We browse the shelves of wine stores all the time, not only to find that perfect bottle for dinner or dinner party, but also to see what's new and on sale. More than ever, we are overwhelmed and stymied by the proliferation of wine labels, varietals, countries, blends, regions, etc...Having this much choice is awesome - or paralyzing - depending on your knowledge of varietals, regions, and foreign languages. This is where feeling comfortable interpreting or decoding the info on wine labels comes in. Every country or region has regulations as to what they must, can, and cannot place on the label. Hopefully I can help remedy or make your life a little easier strolling down the wine aisle.
Most wines you find at wine stores or wine lists at restaurants are named one of two ways - by the grape variety or the place where the grapes were grown. For example, Robert Mondavi Cabernet Sauvignon is made by Robert Mondavi Winery and named after the Cab Sauv grape. Ruffino Chianti Classico is a wine by the Ruffino Winery and named after that place called Chianti Classico (actually made from Sangiovese grape, but won't that very often due to regs). Certainly that is not enough to make a decision so we will explore other indicators, like producer, wine lingo, language, and regulations governing why they look like that.
Each country (and in the U.S., some states) has laws that stipulate the minimum percentage of the named grape that a wine must contain if that wine wants to call itself by grape name. U.S. regs state the minimum percentage of the grape at 75%. This means that a California Chardonnay can have as much as 25% of other grapes in it. In Australia and in the countries (France, Germany, Italy, Spain) that form the European Union (E.U.), the minimum is 85%. They are not required to reveal the other grapes unless it's produced as a blend of grapes, which is required, like Semillon-Sauvignon Blanc - the label must state percentages of each totally 100%.. No law against not having 100% of the grape, which is what you will likely find in the NY Finger Lakes wines, which doesn't falsely advertise. Most California and other U.S. wines carry varietal names (grape names) along with most Australian, South American, and South African wines (New World).
Unlike American wines, most European wines are named for the region where the grapes are grown, but use the same grape varietals as American wines, but don't say it on the label. Instead, they say Burgundy, Bordeaux, Rioja (places), and so on. Of course, wine connoisseurs, European travelers, and geography majors will know. This European system goes back a long way and is actually intended to provide the consumer more info about the wine and a better understanding of what's in the bottle, then just grape name. Once you know the region location, country, terroir, soil, altitude, aspect, climate conditions, and history, then you can assume or know what grapes are in that bottle (will discuss in Part 2). For example, a Merlot from California (warm to hot climate) will be very different from a Merlot in France (cool to moderate climate), specifically Bordeaux. Note - there are some European wines named after the grape name and location on the label. For example, Barbera d'Alba, which is Barbera grape and Alba (place). Some place the grape name on the label even though it is implicit in the wine name. For example, a white Bourgogne (place name) in Burgundy, France may also have Chardonnay (grape) on the label. The term "White Bourgogne" always means Chardonnay is in the wine because that is the only white grape varietal Burgundy produces.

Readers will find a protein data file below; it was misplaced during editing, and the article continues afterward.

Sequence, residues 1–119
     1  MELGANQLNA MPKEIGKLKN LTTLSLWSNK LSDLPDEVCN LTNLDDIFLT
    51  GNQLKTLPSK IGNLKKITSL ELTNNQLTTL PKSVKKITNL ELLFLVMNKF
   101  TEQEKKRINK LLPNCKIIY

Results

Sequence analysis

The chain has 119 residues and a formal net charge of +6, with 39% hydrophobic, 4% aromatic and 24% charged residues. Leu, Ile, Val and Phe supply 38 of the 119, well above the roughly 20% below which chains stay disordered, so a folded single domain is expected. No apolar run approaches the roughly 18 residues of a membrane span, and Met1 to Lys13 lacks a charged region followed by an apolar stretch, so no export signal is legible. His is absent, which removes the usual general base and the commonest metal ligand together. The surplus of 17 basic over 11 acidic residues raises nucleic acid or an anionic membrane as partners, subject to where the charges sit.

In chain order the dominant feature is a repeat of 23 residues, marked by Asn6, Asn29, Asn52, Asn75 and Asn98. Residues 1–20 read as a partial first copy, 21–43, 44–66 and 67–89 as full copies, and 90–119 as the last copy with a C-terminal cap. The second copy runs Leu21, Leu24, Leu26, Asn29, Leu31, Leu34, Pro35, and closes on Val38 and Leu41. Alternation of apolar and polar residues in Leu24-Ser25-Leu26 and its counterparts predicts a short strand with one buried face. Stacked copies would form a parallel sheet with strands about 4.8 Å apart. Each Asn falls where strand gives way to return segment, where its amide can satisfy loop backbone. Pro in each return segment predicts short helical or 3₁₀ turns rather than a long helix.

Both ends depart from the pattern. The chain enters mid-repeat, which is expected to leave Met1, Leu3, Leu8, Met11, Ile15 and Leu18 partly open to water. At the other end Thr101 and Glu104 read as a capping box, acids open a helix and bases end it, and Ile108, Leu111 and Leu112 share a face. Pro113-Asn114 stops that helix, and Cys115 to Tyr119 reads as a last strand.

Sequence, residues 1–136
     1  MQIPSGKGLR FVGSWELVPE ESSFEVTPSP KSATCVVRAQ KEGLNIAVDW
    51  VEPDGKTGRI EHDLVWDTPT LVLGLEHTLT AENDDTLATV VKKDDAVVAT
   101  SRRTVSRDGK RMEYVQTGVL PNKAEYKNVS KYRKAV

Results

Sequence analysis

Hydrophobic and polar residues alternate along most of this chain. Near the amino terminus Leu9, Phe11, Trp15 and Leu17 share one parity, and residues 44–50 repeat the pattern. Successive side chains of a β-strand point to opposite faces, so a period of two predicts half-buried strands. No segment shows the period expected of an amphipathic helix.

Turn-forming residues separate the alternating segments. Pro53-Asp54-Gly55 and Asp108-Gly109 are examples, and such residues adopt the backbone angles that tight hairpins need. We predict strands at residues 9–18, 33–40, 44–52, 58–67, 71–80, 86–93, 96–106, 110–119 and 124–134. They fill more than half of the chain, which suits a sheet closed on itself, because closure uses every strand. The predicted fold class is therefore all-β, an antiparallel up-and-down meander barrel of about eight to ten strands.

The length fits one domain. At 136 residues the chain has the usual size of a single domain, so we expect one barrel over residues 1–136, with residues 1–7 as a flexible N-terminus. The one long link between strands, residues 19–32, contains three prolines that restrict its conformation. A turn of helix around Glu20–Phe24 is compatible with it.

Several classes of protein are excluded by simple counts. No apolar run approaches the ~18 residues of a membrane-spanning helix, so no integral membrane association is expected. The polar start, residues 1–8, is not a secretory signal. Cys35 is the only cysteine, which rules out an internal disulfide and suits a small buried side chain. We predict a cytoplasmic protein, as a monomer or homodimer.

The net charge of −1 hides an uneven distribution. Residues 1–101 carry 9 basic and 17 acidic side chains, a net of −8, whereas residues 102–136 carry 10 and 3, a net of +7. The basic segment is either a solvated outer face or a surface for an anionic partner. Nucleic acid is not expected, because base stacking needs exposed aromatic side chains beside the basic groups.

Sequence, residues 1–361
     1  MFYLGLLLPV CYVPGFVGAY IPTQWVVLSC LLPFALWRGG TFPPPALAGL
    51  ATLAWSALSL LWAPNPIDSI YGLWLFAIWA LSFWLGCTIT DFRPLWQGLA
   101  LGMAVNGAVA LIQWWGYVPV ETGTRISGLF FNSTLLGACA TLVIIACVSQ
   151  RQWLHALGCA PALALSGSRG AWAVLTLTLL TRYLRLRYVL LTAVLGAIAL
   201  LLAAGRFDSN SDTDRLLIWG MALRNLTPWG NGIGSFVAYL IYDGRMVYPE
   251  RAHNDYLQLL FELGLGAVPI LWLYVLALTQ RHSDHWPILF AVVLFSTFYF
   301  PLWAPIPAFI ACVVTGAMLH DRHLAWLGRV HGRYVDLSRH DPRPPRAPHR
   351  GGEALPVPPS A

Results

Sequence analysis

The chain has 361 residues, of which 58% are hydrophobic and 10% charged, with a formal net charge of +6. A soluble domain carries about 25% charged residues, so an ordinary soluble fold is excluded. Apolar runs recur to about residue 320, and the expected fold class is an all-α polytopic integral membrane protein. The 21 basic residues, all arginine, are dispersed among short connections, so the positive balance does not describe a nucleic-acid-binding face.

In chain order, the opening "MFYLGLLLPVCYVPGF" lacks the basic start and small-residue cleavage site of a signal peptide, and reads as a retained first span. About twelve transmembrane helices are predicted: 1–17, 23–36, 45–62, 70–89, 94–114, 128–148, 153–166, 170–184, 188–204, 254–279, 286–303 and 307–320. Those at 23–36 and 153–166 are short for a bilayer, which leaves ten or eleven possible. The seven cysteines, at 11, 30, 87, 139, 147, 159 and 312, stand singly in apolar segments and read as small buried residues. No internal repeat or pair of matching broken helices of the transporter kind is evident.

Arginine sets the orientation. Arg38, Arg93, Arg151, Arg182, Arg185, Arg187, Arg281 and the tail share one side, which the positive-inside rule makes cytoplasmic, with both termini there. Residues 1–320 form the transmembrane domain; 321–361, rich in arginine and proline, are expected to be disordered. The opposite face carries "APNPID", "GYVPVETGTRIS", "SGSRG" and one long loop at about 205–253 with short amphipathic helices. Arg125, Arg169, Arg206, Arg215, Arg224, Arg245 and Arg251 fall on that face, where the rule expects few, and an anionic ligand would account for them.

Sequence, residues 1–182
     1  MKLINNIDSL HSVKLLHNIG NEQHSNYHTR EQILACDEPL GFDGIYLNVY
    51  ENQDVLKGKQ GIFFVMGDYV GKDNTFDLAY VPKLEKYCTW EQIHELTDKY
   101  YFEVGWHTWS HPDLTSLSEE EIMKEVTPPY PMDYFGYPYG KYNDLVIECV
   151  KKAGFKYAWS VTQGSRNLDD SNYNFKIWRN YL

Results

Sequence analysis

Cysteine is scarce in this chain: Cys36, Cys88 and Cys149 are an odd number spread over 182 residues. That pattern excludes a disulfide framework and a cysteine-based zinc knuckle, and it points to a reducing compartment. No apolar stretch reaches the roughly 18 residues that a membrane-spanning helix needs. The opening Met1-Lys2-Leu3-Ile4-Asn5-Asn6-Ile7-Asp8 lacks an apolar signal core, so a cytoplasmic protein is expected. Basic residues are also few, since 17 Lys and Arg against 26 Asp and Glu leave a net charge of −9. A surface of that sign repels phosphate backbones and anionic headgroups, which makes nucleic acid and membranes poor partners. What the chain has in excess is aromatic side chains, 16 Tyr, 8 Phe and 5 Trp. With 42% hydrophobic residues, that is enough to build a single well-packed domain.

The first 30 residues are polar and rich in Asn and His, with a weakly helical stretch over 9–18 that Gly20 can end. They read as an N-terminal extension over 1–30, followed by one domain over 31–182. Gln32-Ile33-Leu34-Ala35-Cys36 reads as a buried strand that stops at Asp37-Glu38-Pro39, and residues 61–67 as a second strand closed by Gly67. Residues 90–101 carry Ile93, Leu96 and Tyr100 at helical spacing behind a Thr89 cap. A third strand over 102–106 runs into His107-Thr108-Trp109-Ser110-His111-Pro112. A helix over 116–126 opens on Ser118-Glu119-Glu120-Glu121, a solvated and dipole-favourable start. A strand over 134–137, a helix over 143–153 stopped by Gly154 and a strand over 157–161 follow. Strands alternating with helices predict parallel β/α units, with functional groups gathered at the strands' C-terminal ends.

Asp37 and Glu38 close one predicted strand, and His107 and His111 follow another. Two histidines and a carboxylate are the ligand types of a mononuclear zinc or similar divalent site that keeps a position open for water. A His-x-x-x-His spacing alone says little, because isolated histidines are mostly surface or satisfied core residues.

If you want a decoder for common European place names, just email or message me.
The term "terroir" is heard and said often when talking about the grape environment. Terroir is a french word that translates to "place" or "dirt" or "terre" meaning soil. It's must more complex than this! It describes the entire vineyard environment where grapes grow (see above). No two vineyards in the entire world are exactly the same, which is why the character and style of a wine from the same region, sub-region, district, or commune will be the same.
On New World wine labels (U.S., Australia, South America), it is difficult to find the place name on the label. The place of origin is not the name of the wine. Place names aren't quite as important as in Europe. They can be meaningful because they refer to specific, well defined areas with fairly consistent growing conditions, such as Napa Valley, Sonoma Valley, or Willamette Valley, but other places are so large that their name communicates nothing specific, i.e. California, a region that is 30% larger than the country of Italy. Same situation for Australian wines labeled "South Eastern Australia" - an area only slightly smaller than France and Spain combined.
That's all for now! Hope you enjoyed! Look for Part 2 of this post later this week or early next week, which will get a little more specific about wine labels. If you have any questions, please feel free to reach out via facebook, email, or message.
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